'Party Paramedics' Protect Colorado Students

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Daily Camera (Boulder, Colorado)

Daily Camera (Boulder, Colorado)

For many in the University of Colorado's Greek community, Student Emergency Medical Services are an absolute staple.

"I will not allow the brothers to have a party unless SEMS is present," said Kenny Dayley, CU senior and president of Theta Xi fraternity, which raised more than $150 for the organization over the weekend at a fundraiser with Whichwich.

"When you have 300 people at your house and for all you know they took a bunch of drugs and alcohol before they showed up, it's just as important as having a bouncer present at the door. And I will cancel the party on the spot if they aren't there," Dayley said.

Founded in the Fall of 2004 after the alcohol-poisoning death of CU freshman Lynn "Gordie" Bailey Jr., SEMS is a student-run organization that assigns medically-trained and -certified students to provide free, on-site medical support to CU students at parties, athletic competitions, and other on- or off-campus events.

"It's a great idea for students looking to protect each other," said Cmdr. Brad Wiesley of CU Police. "Our officers have encountered [SEMS] folks at different places and they have been beneficial. It's good to have somebody there medical training to make an assessment."

"We see hundreds of students over the course of a year, but out of those hundreds there are usually three to four on extreme ends that needed immediate attention," said Milton Lerman, CU senior and president of SEMS. "There is no doubt in my mind that we've saved at least three or four people that, if our EMTs had not been around, they may not have woken up."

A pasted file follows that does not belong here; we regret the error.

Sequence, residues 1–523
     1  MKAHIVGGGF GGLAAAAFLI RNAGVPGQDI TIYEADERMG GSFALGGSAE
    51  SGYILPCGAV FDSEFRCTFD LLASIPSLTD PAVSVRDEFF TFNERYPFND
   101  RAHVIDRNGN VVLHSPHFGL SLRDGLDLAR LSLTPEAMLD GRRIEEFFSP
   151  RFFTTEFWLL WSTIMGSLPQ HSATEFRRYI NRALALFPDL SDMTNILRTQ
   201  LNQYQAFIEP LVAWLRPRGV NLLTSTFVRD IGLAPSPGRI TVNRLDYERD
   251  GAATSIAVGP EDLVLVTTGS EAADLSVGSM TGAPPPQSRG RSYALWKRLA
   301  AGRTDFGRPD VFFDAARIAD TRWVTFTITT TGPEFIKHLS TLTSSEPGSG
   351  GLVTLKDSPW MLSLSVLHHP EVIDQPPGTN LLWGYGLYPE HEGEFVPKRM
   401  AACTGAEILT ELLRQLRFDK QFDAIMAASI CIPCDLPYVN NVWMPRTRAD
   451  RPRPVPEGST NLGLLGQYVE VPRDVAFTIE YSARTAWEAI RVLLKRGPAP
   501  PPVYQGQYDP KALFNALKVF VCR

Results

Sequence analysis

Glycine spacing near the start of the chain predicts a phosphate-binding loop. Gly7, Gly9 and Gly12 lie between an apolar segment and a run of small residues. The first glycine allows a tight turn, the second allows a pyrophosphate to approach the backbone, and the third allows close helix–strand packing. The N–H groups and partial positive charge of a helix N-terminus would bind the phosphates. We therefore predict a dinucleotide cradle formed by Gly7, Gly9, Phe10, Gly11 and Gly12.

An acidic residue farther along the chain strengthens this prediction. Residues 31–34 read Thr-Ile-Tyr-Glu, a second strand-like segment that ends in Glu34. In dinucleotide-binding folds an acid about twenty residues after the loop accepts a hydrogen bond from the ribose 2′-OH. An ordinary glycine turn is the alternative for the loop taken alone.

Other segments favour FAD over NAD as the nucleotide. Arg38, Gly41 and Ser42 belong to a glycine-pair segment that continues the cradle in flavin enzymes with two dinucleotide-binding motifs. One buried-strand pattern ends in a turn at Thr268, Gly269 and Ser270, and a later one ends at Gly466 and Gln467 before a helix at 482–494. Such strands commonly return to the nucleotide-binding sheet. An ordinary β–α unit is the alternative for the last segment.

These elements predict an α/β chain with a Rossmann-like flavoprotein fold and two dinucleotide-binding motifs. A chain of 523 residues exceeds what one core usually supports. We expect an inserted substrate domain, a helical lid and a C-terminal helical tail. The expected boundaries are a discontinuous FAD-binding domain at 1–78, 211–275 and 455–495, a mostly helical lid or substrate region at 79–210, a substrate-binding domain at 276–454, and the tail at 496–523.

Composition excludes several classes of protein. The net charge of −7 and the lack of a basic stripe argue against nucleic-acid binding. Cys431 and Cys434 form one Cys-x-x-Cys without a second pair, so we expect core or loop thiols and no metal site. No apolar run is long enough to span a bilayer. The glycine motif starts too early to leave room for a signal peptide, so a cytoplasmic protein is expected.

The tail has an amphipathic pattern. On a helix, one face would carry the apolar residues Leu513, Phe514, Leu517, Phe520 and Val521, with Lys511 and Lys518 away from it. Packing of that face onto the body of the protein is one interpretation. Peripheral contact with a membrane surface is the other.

According to Milton Lerman, CU senior and president of SEMS, over 200 students are currently involved in the program. The majority of these students fulfill their role through educational efforts, from training other students to be CPR- and First Aid-certified to teaching alcohol awareness at local high schools. Lerman said that there are about 60 students who have actually been through the training to become licensed Emergency Medical Technicians.

"They go through state training and are state-certified," said Lerman. "They also receive more specific training on alcohol intoxication, because we deal with that at just about every event we're at."

A typical night for the student EMTs usually involves showing up to the event early, laying low in a designated area so event coordinators know where to find them, and doing brief safety sweeps of the party every 30 to 45 minutes.

According to Dayley, not only does utilizing SEMS help keep the party safe, it also helps keep calls to the authorities to a minimum.

"It creates a safety net, for not only my brothers, but for guests at our parties," said Dayley. "From someone slipping and hitting their head to too much alcohol, I have somebody there that can provide medical services for the circumstance instead of waiting for 911 to show up -- or unnecessarily calling them in the first place."

Adding that anyone who chooses to throw a party without consulting SEMS is "a certified idiot," Dayley stated that he intends to put requiring their presence at Greek events into Interfraternity Council legislation in January.

To learn more about SEMS, how to get involved, or to acquire their services for an event, visit their Web site at www.semsboulder.org or contact them at SEMS@colorado.edu

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